NSW Police say there were no reports of alcohol-fuelled violence in Sydney’s CBD on a quiet first night after the city’s controversial lockout laws officially ended.
For the first time since 2014, Sydneysiders on Tuesday could enter CBD venues after 1.30am and order drinks until 3.30am.
The controversial laws were introduced in 2014 after the deaths of one-punch victims Thomas Kelly and Daniel Christie.
Emergency service groups are concerned repealing the laws could lead to an increase in alcohol-fuelled violence.
A NSW Police spokeswoman confirmed the first night was incident-free, although the Australian Hotels Association said few people were out on a traditionally quiet Monday night.
NSW Tourism Minister Stuart Ayres said the decision to repeal the lockout laws in mid-January was made to give venue owners time to plan for the new regulations.
“There’s been a cultural shift in the city’s nightlife since 2014 and it’s time to look towards a bright, safe, diverse Sydney after dark,” Mr Ayres said in a statement on Tuesday.
“Sydney is Australia’s only truly global city and can evolve to embrace an economy which is cranking around the clock.”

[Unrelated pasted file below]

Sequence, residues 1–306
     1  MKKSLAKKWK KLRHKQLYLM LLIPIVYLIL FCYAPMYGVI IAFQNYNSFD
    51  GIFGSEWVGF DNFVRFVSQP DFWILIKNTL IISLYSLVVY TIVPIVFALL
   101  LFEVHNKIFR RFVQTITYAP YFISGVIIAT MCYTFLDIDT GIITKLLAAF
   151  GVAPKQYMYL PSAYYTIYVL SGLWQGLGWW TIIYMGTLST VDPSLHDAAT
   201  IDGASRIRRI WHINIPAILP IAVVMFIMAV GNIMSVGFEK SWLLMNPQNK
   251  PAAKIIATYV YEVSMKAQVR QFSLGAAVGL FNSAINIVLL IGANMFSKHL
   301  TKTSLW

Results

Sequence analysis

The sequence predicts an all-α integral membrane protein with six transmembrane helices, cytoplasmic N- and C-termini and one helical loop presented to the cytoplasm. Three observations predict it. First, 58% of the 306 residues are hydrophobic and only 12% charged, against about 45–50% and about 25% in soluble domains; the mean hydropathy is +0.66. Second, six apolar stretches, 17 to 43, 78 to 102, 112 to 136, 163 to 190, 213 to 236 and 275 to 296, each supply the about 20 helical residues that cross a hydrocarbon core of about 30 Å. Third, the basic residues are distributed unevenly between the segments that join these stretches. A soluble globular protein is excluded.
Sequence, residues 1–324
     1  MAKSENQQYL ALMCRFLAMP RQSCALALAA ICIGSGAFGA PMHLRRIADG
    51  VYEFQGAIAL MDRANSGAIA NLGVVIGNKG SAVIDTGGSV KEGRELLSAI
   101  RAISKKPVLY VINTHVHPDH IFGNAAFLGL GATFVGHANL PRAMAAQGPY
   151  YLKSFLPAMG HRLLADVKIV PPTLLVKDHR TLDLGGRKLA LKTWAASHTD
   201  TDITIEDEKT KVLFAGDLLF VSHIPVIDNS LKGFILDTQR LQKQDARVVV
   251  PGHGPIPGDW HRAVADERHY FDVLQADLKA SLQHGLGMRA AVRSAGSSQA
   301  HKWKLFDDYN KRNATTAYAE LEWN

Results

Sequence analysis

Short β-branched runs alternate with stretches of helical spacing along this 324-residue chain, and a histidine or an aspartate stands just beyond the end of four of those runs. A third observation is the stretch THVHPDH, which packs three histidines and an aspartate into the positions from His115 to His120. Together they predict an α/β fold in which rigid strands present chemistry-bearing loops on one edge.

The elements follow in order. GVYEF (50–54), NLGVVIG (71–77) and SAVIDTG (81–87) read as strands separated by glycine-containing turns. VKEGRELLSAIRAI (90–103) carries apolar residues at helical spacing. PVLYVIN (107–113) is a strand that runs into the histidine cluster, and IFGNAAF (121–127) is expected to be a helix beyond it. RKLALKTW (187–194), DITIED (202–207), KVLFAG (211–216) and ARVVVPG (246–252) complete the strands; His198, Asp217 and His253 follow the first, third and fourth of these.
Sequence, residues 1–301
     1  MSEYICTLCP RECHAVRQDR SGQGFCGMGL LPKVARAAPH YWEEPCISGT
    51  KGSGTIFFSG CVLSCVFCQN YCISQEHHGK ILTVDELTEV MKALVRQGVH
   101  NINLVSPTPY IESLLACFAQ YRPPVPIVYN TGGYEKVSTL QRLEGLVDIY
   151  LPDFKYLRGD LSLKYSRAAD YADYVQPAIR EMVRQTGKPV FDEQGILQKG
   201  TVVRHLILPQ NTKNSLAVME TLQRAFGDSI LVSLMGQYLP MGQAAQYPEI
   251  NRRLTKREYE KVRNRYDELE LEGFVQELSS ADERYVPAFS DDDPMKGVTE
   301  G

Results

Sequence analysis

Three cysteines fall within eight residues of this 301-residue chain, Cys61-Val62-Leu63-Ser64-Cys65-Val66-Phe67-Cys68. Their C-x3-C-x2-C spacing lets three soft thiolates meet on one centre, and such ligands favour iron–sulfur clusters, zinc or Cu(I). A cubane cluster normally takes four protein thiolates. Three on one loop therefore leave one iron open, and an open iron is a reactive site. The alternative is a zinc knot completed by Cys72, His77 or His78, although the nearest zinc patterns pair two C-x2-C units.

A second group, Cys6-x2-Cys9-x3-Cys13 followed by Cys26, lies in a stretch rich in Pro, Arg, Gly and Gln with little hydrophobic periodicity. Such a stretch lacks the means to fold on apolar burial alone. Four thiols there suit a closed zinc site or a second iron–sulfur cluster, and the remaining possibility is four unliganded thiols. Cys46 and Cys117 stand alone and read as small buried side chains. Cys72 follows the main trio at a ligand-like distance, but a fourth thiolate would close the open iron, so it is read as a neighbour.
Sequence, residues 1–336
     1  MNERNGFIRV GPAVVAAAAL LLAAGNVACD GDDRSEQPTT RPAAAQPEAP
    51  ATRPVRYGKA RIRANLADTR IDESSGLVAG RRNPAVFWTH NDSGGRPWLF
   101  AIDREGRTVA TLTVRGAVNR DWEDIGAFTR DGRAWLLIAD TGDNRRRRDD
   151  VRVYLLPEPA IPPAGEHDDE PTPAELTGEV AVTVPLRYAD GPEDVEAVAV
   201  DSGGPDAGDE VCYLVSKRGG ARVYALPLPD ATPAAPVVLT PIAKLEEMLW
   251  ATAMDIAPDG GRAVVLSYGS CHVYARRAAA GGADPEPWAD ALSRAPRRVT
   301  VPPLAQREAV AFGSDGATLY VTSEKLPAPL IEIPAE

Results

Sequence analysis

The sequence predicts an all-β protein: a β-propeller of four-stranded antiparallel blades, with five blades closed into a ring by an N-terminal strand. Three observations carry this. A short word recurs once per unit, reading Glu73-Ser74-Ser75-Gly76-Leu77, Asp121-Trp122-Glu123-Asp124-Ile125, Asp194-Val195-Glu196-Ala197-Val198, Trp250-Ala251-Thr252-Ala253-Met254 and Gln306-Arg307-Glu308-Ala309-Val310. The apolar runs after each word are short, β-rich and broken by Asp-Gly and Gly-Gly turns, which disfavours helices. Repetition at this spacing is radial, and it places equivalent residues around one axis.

NSW Premier Gladys Berejiklian in November announced the changes which also remove restrictions on serving cocktails, shots and drinks in glasses after midnight, and scrap the 10pm curfew on bottle shops.
The last drinks curfew has been extended by 30 minutes to 3.30am – an extension which goes against the 3am curfew recommended by doctors.
Health Services Union NSW secretary Gerard Hayes warned the Berejiklian government had re-opened the “floodgates on Sydney’s rivers of grog”.
“Alcohol causes more harm to more Australians than any other drug,” Mr Hayes said in a statement on Tuesday.
“Without any doubt, there will be more people assaulted, more people hurt, and more lives damaged by winding back these sensible restrictions on the supply of alcohol at night.”
The AHA in NSW said it was an “exciting time” for Sydney and encouraged everyone to work together to re-invigorate the city.
“I would like to remind all venue operators to continue to be vigilant at all times to properly assess people for signs of intoxication before allowing entry to licensed premises,” AHA NSW liquor and policing director John Green said in a statement on Tuesday.
The change was also welcomed by the Sydney Business Chamber which said it would boost the city’s reputation amid persistent smoke haze from bushfires.
“It’s vital we begin making Sydney an exciting after-dark destination to regain lost tourism – as well as revitalising the many businesses that have suffered over the past four years,” executive director Katherine O’Regan said in a statement.
The laws have been lifted everywhere in the CBD except Kings Cross and will be reviewed in 2021.